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Children’s Hospices: Funding

Volume 834: debated on Tuesday 14 November 2023


Asked by

To ask His Majesty’s Government whether they are on target to provide £25 million for children’s hospices for 2023-24; and whether they intend to repeat this on an annual basis uprated in line with inflation and allocated directly to each children’s hospice.

The Government and NHS England recognise the vital role that hospices play in delivering high-quality, personalised palliative and end-of-life care for all ages. The children and young people’s hospice grant plays an important role in enabling that to happen. As such, grant allocations of £25 million have been paid in full to hospices in 2023-24. A further £25 million has been announced for 2024-25, with the funding allocation mechanism currently being worked through by NHS England.

My Lords, I am grateful to the Minister. He will be aware that 80% of the income that goes to children’s hospices comes from fundraising. With the cost of living problems we have at the moment, that is increasingly difficult, so the £25 million grant is a lifeline. Do the Government accept that making this grant permanent, so that hospices know about it going forward, and uprating it by the rate of inflation will give enormous help in stabilising the finances of children’s hospices?

First, I absolutely recognise the noble Lord’s point that 80% of hospices’ funding comes through charities, so they represent an excellent resource for us. That is why we are pleased to confirm the £25 million for next year. The debate, which I am sure we will get into more later, is about making it a direct grant. We generally think that ICBs are best placed to take control of health services in their area, and it is about trying to get the right balance between making direct grants for the provision of places and saying that ICBs know what is best for their area and should cater for them in that way. I would be happy to talk further about that balance with the noble Lord.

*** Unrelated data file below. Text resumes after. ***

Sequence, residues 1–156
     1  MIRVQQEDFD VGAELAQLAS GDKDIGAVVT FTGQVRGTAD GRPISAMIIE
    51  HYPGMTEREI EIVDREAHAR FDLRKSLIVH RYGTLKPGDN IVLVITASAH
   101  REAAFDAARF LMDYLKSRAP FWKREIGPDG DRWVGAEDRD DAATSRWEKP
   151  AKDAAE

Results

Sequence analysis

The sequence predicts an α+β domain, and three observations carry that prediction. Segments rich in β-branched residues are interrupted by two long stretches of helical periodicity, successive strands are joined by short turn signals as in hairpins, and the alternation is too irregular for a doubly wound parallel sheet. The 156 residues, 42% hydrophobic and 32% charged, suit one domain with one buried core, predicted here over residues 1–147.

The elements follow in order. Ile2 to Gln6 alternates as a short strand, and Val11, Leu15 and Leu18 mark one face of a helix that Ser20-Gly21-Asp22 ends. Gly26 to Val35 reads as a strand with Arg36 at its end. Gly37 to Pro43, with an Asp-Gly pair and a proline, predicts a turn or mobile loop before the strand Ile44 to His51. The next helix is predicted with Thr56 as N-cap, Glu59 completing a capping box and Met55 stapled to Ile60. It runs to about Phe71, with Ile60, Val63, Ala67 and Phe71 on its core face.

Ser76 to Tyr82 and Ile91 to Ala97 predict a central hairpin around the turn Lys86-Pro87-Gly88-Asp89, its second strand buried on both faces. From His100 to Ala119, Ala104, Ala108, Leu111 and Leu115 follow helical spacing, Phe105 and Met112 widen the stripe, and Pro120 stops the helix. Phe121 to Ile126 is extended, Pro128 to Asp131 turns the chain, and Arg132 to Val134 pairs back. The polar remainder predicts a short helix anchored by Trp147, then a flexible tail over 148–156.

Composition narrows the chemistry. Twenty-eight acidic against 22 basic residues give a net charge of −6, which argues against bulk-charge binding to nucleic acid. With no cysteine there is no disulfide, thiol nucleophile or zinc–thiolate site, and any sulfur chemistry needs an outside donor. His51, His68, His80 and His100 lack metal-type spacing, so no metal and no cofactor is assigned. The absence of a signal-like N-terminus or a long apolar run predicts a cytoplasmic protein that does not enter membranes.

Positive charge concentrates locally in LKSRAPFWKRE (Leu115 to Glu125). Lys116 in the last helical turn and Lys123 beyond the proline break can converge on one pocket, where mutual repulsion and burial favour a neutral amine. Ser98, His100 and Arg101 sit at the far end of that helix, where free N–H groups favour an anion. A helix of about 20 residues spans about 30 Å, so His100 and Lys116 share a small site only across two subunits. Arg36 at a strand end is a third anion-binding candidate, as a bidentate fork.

My Lords, should we not be ashamed that care for children at the end of their short lives is funded by village fetes, cake shops and elderly marathon runners instead of by central government? The total cost of 34 children’s hospices is £130 million and the totality of it should be funded centrally, not as unguaranteed £25 million grants every year. We should be ashamed of this.

To put this into context again, only about 6% of children’s deaths occur in hospices, so 94% happen in other settings. I want to get that right for the context of all this. There are many parts to this; hospices are quite close to my heart and I want to donate to them charitably. There are many parts of society where we think there is a role for charities to add value and enhance the system, rather than their being crowded out by government-funded sources all the time.